Pathogenic signature of invasive non-typhoidal Salmonella in Africa: implications for vaccine development


Giulia PicciniEmanuele Montomoli


Invasive non-typhoidal Salmonella (iNTS) infections are a leading cause of bacteremia in Sub-Saharan Africa (sSA), thereby representing a major public health threat. Salmonella Typhimurium clade ST313 and Salmonella Enteriditis lineages associated with Western and Central/Eastern Africa are among the iNTS serovars which are of the greatest concern due to their case-fatality rate, especially in children and in the immunocompromised population. Identification of pathogen-associated features and host susceptibility factors that increase the risk for invasive non-typhoidal salmonellosis would be instrumental for the design of targeted prevention strategies, which are urgently needed given the increasing spread of multidrug-resistant iNTS in Africa. This review summarizes current knowledge of bacterial traits and host immune responses associated with iNTS infections in sSA, then discusses how this knowledge can guide vaccine development while providing a summary of vaccine candidates in preclinical and early clinical development.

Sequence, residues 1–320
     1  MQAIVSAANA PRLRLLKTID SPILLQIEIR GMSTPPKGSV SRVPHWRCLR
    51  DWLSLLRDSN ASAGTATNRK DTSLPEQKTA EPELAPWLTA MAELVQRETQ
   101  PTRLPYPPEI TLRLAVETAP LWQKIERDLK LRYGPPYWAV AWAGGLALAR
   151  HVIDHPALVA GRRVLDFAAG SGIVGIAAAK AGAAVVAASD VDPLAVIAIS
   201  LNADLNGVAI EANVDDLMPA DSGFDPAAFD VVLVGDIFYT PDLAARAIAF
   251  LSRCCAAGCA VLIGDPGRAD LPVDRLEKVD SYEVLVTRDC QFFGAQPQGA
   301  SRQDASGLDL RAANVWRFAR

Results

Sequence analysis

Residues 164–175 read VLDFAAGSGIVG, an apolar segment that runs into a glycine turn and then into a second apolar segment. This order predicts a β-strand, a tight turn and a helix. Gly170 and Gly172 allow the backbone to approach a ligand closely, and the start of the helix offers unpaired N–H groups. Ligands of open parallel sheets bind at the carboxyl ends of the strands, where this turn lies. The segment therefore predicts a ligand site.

Click here to read the article, published in Human Vaccines & Immunotherapeutics.